Got Pointe Questions? This Pointe Shoe Workshop Has Answers
Ballet dancers never, never, NEVER tire of discussing their pointe shoes—what brand and make they wear, how they discovered their perfect fit, their most innovative/bizarre padding strategies, their latest gross/amazing foot deformities. Pointe shoes are the tools of our art, the means by which we (hopefully) achieve beautiful ends. Of course we're obsessed with them: They're THAT important.
Because they're so important, they can be sources of serious anxiety for a lot of dancers, especially those just entering the world of pointe. But fear not, anxious pointe-ers: The School at Steps Pointe Shoe Workshop & Fair is here to address all your shoe-related worries.
Boston Ballet principal Lia Cirio's shoes (Lauren Pajer, courtesy Boston Ballet)
The annual workshop will be held at NYC's Steps on Broadway on Sunday, February 7. (Sponsored by our friends at Pointe magazine, it's part of Steps' Complete Dancer Series, which is all-around awesome—more info here.) The fun kicks off at 6:30 pm with a panel of experts discussing shoe fitting and foot care. And we do mean experts: Current American Ballet Theatre principal Stella Abrera, former ABT principal Ashley Tuttle, a pointe shoe fitter, a professor of orthopedic surgery, and Pointe editor in chief Amy Brandt will all be on hand to offer words of wisdom. Then, newly informed, you'll have a chance to try on pointe shoes from a range of manufacturers, including Capezio, Chacott, Gaynor Minden and Grishko.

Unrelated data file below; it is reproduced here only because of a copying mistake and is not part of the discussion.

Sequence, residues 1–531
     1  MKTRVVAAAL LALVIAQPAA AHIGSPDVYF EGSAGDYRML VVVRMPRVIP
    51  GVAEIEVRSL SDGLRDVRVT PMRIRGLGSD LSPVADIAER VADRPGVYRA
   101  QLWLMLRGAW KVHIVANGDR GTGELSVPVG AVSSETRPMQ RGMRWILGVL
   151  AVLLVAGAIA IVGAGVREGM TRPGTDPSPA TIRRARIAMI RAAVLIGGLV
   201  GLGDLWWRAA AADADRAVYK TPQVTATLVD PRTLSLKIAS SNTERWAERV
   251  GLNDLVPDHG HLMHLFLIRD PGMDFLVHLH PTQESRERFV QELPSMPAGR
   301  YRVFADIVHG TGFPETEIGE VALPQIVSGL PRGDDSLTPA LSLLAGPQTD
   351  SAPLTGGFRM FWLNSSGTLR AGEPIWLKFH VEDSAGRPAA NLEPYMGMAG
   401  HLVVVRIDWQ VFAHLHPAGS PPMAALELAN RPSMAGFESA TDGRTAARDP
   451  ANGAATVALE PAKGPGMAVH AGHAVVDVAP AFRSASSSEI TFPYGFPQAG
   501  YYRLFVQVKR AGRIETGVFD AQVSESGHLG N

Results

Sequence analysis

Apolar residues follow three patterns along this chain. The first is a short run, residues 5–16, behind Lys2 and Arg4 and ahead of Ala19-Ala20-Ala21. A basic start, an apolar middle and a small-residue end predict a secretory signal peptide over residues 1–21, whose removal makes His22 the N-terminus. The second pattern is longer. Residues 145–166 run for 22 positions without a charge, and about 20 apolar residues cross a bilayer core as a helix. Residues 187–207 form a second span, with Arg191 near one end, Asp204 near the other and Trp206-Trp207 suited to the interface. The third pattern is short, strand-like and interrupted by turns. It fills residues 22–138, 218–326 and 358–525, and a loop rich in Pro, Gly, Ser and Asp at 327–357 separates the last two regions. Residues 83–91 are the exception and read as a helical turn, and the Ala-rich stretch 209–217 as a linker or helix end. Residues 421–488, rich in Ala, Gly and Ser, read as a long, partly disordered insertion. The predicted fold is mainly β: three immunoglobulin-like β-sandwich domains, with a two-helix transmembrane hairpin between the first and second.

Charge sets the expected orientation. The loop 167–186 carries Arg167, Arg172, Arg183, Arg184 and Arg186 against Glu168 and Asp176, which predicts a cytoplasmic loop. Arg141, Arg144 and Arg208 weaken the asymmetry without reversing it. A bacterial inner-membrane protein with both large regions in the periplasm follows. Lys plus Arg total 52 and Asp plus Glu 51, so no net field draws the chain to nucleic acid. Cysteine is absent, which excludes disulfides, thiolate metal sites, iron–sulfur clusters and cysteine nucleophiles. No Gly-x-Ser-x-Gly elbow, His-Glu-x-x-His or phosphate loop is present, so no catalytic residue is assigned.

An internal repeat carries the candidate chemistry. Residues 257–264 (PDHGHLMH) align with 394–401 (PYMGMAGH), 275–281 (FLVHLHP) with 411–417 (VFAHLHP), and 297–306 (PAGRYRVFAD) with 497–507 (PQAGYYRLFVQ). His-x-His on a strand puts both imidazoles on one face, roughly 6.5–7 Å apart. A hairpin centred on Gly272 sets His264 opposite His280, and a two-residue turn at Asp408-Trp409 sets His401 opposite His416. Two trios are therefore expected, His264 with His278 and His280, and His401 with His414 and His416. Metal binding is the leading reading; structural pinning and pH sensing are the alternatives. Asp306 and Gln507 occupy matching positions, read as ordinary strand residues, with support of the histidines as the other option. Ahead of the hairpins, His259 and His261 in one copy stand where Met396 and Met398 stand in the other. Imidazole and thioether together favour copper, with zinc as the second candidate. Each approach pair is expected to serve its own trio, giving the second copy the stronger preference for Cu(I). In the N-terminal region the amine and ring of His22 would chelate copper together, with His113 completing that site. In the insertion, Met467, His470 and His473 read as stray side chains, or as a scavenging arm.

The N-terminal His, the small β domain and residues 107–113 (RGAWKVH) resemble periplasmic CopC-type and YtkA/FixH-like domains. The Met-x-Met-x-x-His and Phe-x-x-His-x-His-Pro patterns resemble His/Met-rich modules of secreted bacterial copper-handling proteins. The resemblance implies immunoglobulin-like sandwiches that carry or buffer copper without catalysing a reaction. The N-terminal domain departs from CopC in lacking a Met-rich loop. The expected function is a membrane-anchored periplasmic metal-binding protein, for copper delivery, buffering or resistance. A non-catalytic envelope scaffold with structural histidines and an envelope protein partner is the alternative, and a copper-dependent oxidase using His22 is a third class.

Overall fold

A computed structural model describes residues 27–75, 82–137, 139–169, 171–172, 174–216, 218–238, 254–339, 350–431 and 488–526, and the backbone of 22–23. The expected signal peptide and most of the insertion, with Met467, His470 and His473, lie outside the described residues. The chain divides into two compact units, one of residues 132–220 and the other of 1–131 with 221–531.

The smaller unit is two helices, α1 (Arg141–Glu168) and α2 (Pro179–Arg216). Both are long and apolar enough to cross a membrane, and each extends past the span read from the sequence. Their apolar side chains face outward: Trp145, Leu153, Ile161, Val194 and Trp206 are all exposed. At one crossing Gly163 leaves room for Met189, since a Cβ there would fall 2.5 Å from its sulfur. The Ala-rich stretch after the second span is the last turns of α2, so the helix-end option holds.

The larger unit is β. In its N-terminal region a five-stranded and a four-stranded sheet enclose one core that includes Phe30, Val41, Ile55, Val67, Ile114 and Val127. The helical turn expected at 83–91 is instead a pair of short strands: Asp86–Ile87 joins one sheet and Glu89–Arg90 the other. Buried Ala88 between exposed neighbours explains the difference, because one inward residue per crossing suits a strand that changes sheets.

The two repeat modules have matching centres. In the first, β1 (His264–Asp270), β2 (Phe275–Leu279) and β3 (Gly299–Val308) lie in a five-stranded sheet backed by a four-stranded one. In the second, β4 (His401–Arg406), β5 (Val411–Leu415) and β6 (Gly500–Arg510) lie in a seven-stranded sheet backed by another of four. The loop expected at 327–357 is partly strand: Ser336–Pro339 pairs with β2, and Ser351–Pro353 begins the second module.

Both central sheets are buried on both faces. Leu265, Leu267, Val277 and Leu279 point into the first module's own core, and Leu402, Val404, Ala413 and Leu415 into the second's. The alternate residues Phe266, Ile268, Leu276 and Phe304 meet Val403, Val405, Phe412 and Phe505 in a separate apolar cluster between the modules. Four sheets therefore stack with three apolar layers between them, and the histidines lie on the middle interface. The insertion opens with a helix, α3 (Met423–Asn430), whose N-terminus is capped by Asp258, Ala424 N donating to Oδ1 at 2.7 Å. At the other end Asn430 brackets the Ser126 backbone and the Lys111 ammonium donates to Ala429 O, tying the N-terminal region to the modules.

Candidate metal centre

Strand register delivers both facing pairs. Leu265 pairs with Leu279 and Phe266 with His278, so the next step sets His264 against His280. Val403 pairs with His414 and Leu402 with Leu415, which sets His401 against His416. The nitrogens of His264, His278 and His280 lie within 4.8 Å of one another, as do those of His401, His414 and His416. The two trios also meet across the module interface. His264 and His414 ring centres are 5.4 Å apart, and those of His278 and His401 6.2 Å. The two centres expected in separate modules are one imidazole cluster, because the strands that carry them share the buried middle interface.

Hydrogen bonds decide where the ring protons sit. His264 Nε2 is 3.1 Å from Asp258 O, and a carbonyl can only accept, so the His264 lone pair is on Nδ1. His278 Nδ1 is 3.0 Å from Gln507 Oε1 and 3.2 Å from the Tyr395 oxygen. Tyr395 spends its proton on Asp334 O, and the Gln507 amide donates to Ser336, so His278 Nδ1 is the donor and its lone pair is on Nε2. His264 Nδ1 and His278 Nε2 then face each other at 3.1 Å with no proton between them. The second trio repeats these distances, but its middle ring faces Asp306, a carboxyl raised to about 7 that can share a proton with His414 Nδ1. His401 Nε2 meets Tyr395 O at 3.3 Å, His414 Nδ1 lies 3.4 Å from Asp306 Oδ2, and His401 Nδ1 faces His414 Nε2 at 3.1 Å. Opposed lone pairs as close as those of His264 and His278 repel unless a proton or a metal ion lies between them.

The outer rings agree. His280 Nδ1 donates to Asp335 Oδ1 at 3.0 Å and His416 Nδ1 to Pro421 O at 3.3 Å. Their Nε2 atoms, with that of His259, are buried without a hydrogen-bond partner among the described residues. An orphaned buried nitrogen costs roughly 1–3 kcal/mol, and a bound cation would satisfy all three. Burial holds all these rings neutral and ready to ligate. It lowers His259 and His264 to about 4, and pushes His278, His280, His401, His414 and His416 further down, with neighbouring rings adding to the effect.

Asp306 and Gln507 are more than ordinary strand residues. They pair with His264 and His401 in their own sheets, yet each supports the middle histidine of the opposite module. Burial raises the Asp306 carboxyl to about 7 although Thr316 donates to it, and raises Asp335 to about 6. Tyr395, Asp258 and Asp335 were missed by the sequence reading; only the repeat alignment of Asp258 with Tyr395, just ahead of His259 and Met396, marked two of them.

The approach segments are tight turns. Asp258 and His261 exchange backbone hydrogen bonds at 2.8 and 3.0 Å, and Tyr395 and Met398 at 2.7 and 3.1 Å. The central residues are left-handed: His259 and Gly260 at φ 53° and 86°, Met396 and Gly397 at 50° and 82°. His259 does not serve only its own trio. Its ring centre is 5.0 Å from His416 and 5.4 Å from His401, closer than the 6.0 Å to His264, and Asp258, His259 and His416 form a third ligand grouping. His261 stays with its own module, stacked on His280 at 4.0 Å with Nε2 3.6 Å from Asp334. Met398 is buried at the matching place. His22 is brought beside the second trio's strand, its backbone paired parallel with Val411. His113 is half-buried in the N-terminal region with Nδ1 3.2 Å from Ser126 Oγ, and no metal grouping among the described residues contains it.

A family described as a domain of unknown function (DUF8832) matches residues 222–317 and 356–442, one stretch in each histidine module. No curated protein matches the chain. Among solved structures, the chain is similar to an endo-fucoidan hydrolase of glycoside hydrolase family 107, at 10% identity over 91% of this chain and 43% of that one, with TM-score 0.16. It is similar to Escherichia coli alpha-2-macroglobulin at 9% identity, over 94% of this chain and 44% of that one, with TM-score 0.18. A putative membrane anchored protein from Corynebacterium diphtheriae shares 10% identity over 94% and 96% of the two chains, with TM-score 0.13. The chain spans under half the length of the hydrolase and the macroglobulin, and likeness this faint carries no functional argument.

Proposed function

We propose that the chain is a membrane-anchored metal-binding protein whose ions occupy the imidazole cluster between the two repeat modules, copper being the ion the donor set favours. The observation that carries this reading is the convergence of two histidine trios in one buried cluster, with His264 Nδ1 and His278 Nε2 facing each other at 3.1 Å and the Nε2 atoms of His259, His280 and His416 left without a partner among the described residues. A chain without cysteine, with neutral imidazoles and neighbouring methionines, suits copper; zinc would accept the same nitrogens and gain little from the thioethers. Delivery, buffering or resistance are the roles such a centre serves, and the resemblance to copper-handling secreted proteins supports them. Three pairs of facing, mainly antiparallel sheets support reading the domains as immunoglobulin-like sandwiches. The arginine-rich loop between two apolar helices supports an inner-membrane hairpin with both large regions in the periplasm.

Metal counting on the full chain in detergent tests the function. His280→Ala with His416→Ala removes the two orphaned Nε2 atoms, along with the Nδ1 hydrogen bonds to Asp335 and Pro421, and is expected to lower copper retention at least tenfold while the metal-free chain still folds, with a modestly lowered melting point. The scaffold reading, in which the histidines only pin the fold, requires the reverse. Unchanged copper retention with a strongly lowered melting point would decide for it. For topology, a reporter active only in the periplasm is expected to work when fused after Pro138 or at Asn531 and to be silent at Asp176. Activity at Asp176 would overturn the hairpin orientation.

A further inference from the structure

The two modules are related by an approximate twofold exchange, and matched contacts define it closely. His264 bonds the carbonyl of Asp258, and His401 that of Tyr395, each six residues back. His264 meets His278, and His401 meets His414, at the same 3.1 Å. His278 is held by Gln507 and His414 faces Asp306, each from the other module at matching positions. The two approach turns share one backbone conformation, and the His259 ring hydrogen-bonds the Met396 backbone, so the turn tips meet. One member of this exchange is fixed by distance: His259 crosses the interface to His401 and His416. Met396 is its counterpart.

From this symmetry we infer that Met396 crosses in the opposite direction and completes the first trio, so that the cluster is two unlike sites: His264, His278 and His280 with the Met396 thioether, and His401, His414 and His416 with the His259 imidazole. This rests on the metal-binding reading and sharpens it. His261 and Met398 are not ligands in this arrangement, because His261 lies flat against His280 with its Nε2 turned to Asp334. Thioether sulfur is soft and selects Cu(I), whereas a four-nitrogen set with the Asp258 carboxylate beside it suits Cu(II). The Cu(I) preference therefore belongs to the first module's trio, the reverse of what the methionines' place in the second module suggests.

Tickets are just $15 and sure to go quickly—get 'em here. Not a New Yorker but still eager for pointe advice? Take a look at our story about what to expect at your first pointe shoe fitting, for starters. And make sure you'll be getting our March Ballet Issue, which features expert tips from six ballerinas about how to find the perfect pair.
What a week in the "Dancing with the Stars" universe, amirite? After we bid farewell to Drew Scott and Emma Slater on Monday (in a surprise to pretty much nobody, despite the duo's strong performance in a super-fun freestyle that evening), it was time, last night, for Season 25's Grand Finale. And goodness, I don't know if we've ever seen quite so many perfect scores thrown around the ballroom. The final three—Frankie Muniz and Witney Carson, Jordan Fisher and Lindsay Arnold, and Lindsey Stirling and Mark Ballas—performed a total of six routines on Tuesday, and five of them earned straight 10s. Yes, those scores were well-deserved; the finalists danced their bedazzled behinds off. But it also felt like the judges were channeling Oprah. YOU get a 10, and YOU get a 10, and YOUUUU get a 10!
Turkey is great and all, but the best part of Thanksgiving? It's watching some truly fantastic dancing on television, courtesy the Macy's Thanksgiving Day Parade. On Thursday, when your arms are sore from mashing potatoes and/or you need to escape crazy Aunt Linda, head to the living room to catch these super-dancey parade highlights: